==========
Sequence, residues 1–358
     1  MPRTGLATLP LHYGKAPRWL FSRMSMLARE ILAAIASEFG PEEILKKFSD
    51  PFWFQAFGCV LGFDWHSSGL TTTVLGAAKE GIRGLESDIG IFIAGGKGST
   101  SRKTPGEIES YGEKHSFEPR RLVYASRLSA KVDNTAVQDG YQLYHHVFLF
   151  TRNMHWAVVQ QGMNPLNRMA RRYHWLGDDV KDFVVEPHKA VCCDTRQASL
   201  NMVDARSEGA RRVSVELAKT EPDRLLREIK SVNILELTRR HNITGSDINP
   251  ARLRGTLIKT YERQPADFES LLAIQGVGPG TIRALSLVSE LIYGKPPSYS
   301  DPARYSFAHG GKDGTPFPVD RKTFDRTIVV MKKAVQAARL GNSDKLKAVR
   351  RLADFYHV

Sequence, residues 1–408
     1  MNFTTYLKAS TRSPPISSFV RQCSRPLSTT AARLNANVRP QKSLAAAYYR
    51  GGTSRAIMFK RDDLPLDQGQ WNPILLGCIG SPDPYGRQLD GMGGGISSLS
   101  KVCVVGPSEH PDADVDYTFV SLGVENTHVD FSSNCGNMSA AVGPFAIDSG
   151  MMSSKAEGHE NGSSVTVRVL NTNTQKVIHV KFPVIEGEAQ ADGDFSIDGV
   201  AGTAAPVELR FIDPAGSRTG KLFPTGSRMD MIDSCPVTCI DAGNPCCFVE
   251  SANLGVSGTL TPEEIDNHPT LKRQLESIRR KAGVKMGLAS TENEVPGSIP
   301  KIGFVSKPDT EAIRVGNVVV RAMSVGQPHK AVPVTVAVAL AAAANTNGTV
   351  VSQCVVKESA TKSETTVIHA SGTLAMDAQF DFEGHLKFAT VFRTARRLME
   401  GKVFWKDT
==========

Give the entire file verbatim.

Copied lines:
Sequence, residues 1–358
     1  MPRTGLATLP LHYGKAPRWL FSRMSMLARE ILAAIASEFG PEEILKKFSD
    51  PFWFQAFGCV LGFDWHSSGL TTTVLGAAKE GIRGLESDIG IFIAGGKGST
   101  SRKTPGEIES YGEKHSFEPR RLVYASRLSA KVDNTAVQDG YQLYHHVFLF
   151  TRNMHWAVVQ QGMNPLNRMA RRYHWLGDDV KDFVVEPHKA VCCDTRQASL
   201  NMVDARSEGA RRVSVELAKT EPDRLLREIK SVNILELTRR HNITGSDINP
   251  ARLRGTLIKT YERQPADFES LLAIQGVGPG TIRALSLVSE LIYGKPPSYS
   301  DPARYSFAHG GKDGTPFPVD RKTFDRTIVV MKKAVQAARL GNSDKLKAVR
   351  RLADFYHV

Sequence, residues 1–408
     1  MNFTTYLKAS TRSPPISSFV RQCSRPLSTT AARLNANVRP QKSLAAAYYR
    51  GGTSRAIMFK RDDLPLDQGQ WNPILLGCIG SPDPYGRQLD GMGGGISSLS
   101  KVCVVGPSEH PDADVDYTFV SLGVENTHVD FSSNCGNMSA AVGPFAIDSG
   151  MMSSKAEGHE NGSSVTVRVL NTNTQKVIHV KFPVIEGEAQ ADGDFSIDGV
   201  AGTAAPVELR FIDPAGSRTG KLFPTGSRMD MIDSCPVTCI DAGNPCCFVE
   251  SANLGVSGTL TPEEIDNHPT LKRQLESIRR KAGVKMGLAS TENEVPGSIP
   301  KIGFVSKPDT EAIRVGNVVV RAMSVGQPHK AVPVTVAVAL AAAANTNGTV
   351  VSQCVVKESA TKSETTVIHA SGTLAMDAQF DFEGHLKFAT VFRTARRLME
   401  GKVFWKDT